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California To Ban Pesticide It Says Hurts Babies' Brains

Courtesy of the Almond Board of California
 

Courtesy of the Almond Board of California

Updated May 9

Brian Melley, Associated Press

California moved Wednesday to ban a controversial pesticide widely used to control a range of insects but blamed for harming brain development in babies.

The move cheered by environmentalists would outlaw chlorpyrifos after scientists deemed it a toxic air contaminant and discovered it to be more dangerous than previously thought. California Environmental Secretary Jared Blumenfeld said it's the first time the state has sought to ban a pesticide and the move was overdue.

"This pesticide is a neurotoxin, and it was first put on the market in 1965," Blumenfeld said. "So it's been on the shelf a long time, and it's past its sell-by date."

The decision comes as California lawmakers have been debating a bill that would ban it.

Regulators in several states have taken steps in recent years to restrict the pesticide used on about 60 different crops in California, including grapes, almonds and oranges. Hawaii banned it last year, and New York lawmakers recently sent a measure to the governor outlawing use of the pesticide.

DowDuPont, which produces the pesticide, said it was disappointed with the decision and that farmers who rely on the pesticide say it will hurt their ability to control insects.

"There will be trade-offs from cancellation of any pesticide," said Jamie Johansson, president of the California Farm Bureau Federation. "Food may become more expensive, and California-grown food less plentiful. That would leave our state’s residents dependent on food grown elsewhere — and not grown under the stringent rules California farmers follow."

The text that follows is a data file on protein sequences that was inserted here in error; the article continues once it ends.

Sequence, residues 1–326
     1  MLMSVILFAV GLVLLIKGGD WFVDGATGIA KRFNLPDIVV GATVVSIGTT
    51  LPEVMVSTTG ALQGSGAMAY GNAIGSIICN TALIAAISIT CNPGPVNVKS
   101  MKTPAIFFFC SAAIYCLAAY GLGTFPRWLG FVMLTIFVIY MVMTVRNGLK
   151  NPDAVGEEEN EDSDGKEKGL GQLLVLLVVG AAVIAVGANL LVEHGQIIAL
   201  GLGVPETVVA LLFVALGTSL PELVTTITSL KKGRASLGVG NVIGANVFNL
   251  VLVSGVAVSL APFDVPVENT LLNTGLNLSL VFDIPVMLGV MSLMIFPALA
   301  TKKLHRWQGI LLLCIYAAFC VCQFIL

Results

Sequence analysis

Commercial growers say they rely on the chemical to control insects, and fear the possibility of increased costs to protect their crops.

"[Chlorpyrifos] is a very important part of the crop protection tool box," said Casey Creamer, president of California Citrus Mutual, which represents 5,000 growers. "We're fighting for our lives here trying to protect ourselves from deadly diseases, and we keep losing tools."

Creamer questioned the scientific studies behind the decision and said removing the pesticide could hurt efforts to prevent a pest like the Asian citrus psyllid from decimating the citrus industry in California like it did in much of Florida. The pest infects citrus trees with a fatal disease.

Blumenfeld said California took action in part because the federal government allowed the pesticide to be used after the Obama administration tried to phase it out.

The U.S. Environmental Protection Agency under President Donald Trump reversed that effort after reevaluating the science. Environmental groups and farmworkers challenged that decision, and a federal appeals court last month ordered the EPA to decide by July whether to ban the pesticide.

"This is a historic victory for California's agricultural communities and for children nationwide," said Miriam Rotkin-Ellman of the Natural Resources Defense Council. "The science clearly shows that chlorpyrifos is too dangerous to use in our fields. Since California uses more chlorpyrifos than any other state, this ban will not only protect kids who live here, but kids who eat the fruits and veggies grown here."